One of the main concerns some people have once they reach the age of 50 is their retirement savings.
After all, at that point, there are roughly 15 years left to save up. However, it’s never too late to intensify your savings effort and build your retirement fund.
The Importance Of Saving For Retirement
It might seem like there’s no need to save up at your age. You’d think that with the decades you’ve worked, the social security and pension payouts you’ll receive should be enough. However, they usually aren’t. Even with government and employer payments during retirement, you’d still need 60% of your working income to live comfortably.
A savings fund provides you with more options for what you can do after you retire. If you choose to live with your children, you can do so without being a financial burden. A dedicated retirement fund can also allow you to do activities you’ve always wanted.
Lastly, building your wealth can keep you from racking up debt. You’ll still need to spend on your necessities and wants without an adequate income. However, a retirement fund can give you a cushion without relying on loans.
How To Save For Retirement?
Saving up is an essential habit even in your 50s. Yet, it may still feel daunting, especially if you’re only starting from scratch. However, with the following practices, you’ll be able to start saving for retirement and enjoy your post-working life.
1. Create a financial plan
Identifying your savings options is the first step you should take. Start with the basics, which is to budget your finances. A budget plan can help you manage and prioritize your savings and expenses. Your goal is to build your savings, so try to minimize unnecessary costs.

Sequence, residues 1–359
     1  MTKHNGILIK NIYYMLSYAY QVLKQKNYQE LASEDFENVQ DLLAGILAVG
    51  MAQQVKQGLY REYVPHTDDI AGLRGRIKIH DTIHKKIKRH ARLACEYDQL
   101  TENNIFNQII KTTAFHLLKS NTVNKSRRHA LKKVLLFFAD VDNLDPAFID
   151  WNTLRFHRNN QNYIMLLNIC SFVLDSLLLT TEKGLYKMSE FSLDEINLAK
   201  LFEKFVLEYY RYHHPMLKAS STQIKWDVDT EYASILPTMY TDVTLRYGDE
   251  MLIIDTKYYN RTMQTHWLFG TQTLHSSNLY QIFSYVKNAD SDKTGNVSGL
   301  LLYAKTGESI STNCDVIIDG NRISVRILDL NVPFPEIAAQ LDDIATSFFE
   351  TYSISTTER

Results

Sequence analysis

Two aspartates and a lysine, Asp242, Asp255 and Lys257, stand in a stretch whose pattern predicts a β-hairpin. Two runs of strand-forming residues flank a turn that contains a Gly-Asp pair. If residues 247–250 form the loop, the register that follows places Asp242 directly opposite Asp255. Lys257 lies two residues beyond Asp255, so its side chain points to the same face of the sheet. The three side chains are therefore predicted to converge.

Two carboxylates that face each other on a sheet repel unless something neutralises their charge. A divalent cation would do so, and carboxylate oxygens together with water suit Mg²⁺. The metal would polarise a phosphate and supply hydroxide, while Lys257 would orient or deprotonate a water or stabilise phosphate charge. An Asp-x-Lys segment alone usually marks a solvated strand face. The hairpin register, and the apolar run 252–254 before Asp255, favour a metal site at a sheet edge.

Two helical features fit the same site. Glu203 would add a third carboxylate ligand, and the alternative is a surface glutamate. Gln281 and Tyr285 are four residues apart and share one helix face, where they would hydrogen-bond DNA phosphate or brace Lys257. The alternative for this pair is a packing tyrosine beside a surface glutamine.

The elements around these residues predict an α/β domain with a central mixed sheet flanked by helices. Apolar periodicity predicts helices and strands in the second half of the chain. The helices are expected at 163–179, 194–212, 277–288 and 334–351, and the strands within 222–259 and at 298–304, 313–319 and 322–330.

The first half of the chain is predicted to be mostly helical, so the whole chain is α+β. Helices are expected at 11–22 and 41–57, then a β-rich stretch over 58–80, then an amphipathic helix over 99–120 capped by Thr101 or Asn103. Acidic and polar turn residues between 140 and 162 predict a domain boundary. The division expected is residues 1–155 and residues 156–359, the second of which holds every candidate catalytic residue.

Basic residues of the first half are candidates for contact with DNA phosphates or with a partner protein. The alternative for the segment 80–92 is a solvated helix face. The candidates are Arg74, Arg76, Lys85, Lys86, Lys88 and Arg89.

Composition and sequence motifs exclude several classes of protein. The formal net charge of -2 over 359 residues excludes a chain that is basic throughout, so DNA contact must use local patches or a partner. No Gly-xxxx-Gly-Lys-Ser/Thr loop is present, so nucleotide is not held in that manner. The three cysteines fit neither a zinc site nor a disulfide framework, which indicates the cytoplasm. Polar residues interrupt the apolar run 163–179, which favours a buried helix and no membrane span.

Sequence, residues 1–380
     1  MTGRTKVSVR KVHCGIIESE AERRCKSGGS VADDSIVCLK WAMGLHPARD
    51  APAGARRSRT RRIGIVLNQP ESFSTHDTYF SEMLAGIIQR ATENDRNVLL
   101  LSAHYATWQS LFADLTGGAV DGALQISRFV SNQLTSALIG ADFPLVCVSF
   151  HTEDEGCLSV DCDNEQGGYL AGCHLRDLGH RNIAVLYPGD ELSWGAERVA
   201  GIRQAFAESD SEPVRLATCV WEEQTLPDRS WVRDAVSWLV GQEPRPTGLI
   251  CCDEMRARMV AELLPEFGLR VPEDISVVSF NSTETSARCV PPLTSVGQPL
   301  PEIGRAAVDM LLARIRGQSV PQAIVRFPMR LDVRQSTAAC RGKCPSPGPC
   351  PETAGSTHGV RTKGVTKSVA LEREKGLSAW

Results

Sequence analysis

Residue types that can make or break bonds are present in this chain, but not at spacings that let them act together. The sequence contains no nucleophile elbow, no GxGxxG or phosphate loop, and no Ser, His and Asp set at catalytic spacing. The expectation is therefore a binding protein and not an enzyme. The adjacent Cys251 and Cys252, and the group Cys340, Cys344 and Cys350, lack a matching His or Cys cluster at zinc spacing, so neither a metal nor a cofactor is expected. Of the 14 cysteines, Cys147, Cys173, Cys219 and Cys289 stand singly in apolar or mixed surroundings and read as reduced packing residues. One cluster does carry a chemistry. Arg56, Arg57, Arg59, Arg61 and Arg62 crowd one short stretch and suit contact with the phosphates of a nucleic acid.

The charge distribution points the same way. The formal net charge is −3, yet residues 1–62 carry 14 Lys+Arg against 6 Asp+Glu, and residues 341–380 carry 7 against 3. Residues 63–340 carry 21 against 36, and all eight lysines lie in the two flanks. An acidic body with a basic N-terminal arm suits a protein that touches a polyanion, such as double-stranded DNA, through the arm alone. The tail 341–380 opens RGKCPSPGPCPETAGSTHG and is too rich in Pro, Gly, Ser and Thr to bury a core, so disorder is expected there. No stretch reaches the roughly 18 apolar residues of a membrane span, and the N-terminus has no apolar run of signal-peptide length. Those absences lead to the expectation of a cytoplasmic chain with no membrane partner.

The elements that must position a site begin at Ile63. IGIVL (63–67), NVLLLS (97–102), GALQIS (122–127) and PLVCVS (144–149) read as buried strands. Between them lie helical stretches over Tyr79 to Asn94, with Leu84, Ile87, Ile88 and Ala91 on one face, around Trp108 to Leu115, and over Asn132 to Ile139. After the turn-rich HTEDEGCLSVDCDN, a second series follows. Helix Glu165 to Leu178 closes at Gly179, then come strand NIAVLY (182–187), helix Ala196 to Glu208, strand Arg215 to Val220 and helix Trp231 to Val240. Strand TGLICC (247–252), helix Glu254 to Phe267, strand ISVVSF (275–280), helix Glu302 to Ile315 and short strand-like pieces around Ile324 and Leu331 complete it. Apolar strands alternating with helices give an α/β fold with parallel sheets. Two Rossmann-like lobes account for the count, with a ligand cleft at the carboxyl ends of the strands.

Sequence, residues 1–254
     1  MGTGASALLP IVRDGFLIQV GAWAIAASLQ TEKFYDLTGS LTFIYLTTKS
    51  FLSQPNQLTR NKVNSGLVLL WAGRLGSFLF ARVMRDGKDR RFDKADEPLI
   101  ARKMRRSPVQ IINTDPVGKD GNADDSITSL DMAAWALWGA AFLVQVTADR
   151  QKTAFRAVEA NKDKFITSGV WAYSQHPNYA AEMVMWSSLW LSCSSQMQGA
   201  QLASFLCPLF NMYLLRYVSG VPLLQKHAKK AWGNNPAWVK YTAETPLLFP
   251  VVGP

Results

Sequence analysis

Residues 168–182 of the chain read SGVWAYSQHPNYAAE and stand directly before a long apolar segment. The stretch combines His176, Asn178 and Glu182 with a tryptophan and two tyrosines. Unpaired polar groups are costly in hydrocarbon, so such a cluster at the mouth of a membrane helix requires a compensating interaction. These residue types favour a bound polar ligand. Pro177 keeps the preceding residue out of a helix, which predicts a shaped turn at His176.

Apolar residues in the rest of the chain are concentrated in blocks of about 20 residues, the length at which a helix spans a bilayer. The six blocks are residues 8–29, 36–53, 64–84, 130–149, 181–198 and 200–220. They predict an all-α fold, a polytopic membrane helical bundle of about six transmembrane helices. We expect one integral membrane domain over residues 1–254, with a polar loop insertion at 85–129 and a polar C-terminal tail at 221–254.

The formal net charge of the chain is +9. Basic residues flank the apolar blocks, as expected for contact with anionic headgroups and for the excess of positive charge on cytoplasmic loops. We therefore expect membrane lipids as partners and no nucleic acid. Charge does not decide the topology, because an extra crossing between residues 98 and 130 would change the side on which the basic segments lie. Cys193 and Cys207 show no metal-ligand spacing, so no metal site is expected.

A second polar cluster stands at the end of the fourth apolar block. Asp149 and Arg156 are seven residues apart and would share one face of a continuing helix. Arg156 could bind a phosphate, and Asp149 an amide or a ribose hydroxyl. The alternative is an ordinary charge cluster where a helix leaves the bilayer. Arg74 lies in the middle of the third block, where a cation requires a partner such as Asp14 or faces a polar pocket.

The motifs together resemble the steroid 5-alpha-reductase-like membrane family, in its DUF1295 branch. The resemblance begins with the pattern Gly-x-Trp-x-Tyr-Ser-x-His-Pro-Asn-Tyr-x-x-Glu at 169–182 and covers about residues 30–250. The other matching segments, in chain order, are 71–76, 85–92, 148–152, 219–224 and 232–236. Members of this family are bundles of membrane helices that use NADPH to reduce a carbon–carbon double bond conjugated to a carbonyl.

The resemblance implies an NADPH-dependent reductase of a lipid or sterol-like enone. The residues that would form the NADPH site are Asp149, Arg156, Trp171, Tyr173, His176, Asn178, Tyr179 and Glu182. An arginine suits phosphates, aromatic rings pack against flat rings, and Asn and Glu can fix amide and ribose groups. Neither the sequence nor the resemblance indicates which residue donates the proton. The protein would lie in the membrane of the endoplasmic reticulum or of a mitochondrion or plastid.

Planning your investments can also help build your retirement fund. Begin by identifying your risk appetite to help you determine what type of investment vehicles to choose. Since your objective is to build wealth, low-risk investments like treasury bonds, albeit with small returns, can still benefit your savings growth.
By planning your finances, you eliminate most of the guesswork. You’ll have a solid foundation on which to base your future decisions on, making your financial journey more efficient.
2. Leverage other savings sources
Other than salary savings, other sources can contribute to your retirement fund, including social security and employer pension payments. Consider these when planning your finances and managing your fund to help estimate how much you’ll be saving.
Also, ask your employer about personal pension plans, such as the 401(k) in the U.S., which provide employees with investment gains. These income vehicles often provide relatively small payouts. However, they can still help grow your retirement savings, which is why leveraging as many income streams as possible is crucial.
3. Clear and avoid debts
If you want to maximize your retirement funds, you can’t afford to carry student loans, mortgage payments, and credit balances into your retirement. So, leverage your remaining working years into clearing out your debts.
With the bit of working time you have left, it’s essential to be quick and efficient in getting out of debt. You can do this by listing down every debt you owe and prioritizing payments in your budget. It might initially result in zero savings, but once you’ve cleared everything out, you can finally build your retirement savings without any looming debt.